Threads for Charly

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    Bought the book, looking forward to high quality sources for learning Nix

    Especially would like to understand how to debug Nix flakes and expressions

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      For my personal tooling I use flakes for individual repositories b/c the built-in template and integrations (like poetry2nix for python applications) is a direct upgrade to what we had before.

      For my nixos configurations though I dislike using flakes. My main gripe with flakes is that it effectively becomes the entrypoint or ‘main’ of the configuration, which it makes it annoying to use with other tools like morph and the outputs section forces a certain structure to the code where I would prefer it work like niv where it sets up dependencies but the end result is just imports to your regular code.

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        @cadey has your position on flakes changed? My earlier interpretation from earlier writing is that you favored tools like niv and morph which eschew the flake model completely. I also see that still recommends niv ( so wondering what the community thinks about flakes in general

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          My position on flakes is that they are slightly less terrible than using NixOS normally. They ain’t perfect but they could be so much worse than they are. I’m happy with the usability as-is. Also see here for more words about the kind of mindset change that I had once I hit the satori moment with flakes.

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            wondering what the community thinks about flakes in general

            No idea about “the community” (I really hate those terms), but I found flakes easier to get into than anything that came before that always felt “tacked on like spaghetti stapled together”.

            I’m doing more with nix now that I ever have now that flakes are “officially” here. Yes experimental but i now have a repo for my entire home config, I have that setup so I can build auto installing iso images, have secrets setup too, and build a system with my home config all in one deploy step via deploy-rs.

            In my view flakes are already useful enough to make me not care about what came before which I avoided to be honest. Perfect no but good enough for government work as they say.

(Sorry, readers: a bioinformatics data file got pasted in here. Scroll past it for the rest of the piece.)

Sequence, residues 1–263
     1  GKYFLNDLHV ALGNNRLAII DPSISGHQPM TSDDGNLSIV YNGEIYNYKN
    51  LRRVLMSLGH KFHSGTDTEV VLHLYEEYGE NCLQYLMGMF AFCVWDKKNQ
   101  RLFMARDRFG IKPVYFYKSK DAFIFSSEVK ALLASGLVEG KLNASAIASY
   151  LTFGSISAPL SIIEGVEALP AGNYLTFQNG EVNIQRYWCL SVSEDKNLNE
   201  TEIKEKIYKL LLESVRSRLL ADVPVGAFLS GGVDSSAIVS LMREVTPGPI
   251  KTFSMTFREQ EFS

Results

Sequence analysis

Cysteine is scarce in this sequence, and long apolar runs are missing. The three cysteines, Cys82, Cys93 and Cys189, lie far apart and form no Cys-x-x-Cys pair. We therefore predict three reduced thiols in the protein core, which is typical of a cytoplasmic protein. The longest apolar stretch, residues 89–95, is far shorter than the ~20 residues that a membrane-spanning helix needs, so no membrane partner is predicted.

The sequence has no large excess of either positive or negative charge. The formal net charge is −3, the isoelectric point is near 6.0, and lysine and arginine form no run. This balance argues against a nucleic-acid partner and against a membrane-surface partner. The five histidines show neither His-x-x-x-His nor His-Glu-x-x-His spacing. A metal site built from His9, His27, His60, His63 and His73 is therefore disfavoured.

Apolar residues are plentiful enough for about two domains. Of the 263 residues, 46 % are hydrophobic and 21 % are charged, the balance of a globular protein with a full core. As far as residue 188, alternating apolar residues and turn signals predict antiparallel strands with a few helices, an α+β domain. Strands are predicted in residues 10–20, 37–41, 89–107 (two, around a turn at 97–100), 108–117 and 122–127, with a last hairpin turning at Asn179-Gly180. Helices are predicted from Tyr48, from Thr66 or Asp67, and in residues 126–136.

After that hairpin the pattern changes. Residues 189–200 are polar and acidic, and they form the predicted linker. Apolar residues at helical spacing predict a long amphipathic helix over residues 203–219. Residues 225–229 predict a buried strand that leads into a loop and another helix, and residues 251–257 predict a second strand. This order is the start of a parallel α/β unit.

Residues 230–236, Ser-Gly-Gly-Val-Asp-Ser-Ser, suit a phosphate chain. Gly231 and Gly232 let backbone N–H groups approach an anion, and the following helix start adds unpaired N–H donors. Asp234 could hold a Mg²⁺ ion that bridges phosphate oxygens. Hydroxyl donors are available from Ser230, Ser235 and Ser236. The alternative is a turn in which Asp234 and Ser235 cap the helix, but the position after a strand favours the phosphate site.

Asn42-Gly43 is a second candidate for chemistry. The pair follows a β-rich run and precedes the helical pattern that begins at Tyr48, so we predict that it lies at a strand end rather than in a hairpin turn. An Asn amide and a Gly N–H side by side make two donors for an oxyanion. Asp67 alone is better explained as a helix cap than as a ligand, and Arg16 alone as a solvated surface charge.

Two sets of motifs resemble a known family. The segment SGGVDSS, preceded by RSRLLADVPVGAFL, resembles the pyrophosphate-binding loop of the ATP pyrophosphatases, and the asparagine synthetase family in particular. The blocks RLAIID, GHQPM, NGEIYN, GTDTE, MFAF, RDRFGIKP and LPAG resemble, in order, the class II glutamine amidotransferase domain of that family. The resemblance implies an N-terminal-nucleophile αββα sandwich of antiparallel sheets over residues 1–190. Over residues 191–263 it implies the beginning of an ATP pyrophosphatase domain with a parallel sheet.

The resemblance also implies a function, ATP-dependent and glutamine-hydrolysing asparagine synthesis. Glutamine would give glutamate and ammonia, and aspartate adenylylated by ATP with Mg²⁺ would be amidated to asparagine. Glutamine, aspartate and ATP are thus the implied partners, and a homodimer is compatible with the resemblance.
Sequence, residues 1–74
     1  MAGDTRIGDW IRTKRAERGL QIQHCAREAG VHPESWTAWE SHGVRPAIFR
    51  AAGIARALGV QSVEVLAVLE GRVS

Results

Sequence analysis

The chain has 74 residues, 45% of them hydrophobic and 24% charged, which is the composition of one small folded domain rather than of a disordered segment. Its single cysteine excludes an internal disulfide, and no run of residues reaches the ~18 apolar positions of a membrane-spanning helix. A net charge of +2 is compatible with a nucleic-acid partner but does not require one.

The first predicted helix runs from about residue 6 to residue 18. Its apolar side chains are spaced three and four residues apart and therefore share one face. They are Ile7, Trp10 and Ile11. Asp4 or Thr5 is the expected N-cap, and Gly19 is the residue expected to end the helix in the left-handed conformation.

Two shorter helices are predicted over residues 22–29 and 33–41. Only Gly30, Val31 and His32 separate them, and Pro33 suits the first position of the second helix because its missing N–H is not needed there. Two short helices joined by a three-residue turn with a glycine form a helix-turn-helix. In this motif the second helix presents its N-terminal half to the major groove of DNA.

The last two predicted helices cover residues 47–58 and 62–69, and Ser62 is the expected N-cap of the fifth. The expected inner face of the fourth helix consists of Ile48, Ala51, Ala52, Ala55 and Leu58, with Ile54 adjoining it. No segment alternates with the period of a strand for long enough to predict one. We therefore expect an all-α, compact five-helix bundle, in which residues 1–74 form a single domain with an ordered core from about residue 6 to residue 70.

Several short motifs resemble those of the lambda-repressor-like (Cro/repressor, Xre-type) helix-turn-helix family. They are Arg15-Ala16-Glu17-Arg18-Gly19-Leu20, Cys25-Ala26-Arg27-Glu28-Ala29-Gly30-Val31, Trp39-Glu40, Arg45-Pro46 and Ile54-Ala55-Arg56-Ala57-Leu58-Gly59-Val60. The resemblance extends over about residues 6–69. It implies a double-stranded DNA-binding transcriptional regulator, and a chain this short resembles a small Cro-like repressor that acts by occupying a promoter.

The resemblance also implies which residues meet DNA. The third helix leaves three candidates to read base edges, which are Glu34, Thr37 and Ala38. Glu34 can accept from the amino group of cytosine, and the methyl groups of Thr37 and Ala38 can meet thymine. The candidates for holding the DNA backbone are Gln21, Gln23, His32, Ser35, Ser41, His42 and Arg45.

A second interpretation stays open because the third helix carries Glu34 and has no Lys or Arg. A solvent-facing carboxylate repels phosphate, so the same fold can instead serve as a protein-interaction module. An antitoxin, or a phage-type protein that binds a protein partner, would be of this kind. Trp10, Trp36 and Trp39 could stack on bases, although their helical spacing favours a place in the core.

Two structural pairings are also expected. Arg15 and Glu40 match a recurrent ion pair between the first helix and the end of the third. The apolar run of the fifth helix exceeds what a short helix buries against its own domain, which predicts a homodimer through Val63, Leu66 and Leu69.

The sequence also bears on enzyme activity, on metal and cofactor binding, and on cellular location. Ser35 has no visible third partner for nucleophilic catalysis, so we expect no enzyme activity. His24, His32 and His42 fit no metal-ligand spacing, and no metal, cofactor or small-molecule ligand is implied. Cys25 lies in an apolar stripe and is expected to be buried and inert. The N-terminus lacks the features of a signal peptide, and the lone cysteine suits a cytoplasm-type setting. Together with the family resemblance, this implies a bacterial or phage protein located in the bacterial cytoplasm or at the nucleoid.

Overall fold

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          Somehow that blog managed to break keyboard scrolling!

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            Hmm, I’ll look into it. I used an off the shelf Hugo theme, most is the JS is around syntax highlighting.

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            Probably one of the best use cases for functional package managers right now is for creating reproducible development environments on any machine. I am looking to set up Nix on both my Mac and Linux servers so my toolchain remains consistent between environments.

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              I looked into it last night and it has a serious issue on Catalina. One hopes they resolve it soon.

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                There are relatively straightforward fixes to create a synthetic drive at /nix. It’s not official yet, but it works just fine.


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                  This is what I use and what I’m going to include in my tutorial post that I’ll be writing in the next week.

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              The shortcomings of monorepo is not about the concept but about using git for that.

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                Git virtual file system should make git viable, especially as GitHub implements it. I think git has mechanisms for partial repo checkout, unsure.

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                  Git VFS gets your repo size from a handful of GB to a few hundred GB. Nobody knows if it scales further.

                  I wonder how such big repositories deal with other aspects like a huge number of branches and tags. Also, the lack of fine grained access control is not solved afaik. Did they consider a switch to Subversion?

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                    Im not sure who you are talking about here, Google has there own custom source control system [1] and Facebook is investing in improving mercurial currently. Google created the concept of the CODEOWNERS file for access control which GitHub ended up implementing. Microsoft is committed to scaling Git through VFS because of the GitHub acquisition.


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                The main driver of success in either model is in the tooling and practices invested in it to make it work in an organization. Google is successful with their monorepo because they have invested in building (blaze), source control (piper, code search), and commit to always developing on HEAD. Multirepo is currently easier for most companies because most public tooling (git, package manager) is built around multirepos. One place I see multirepos fall over is awful dependency management practices internally and in open source. Many dependencies quickly become outdated and are not updated in cadence, slowing down writers and consumers. Better tooling can help here but an organization needs real discipline to stay on top of things.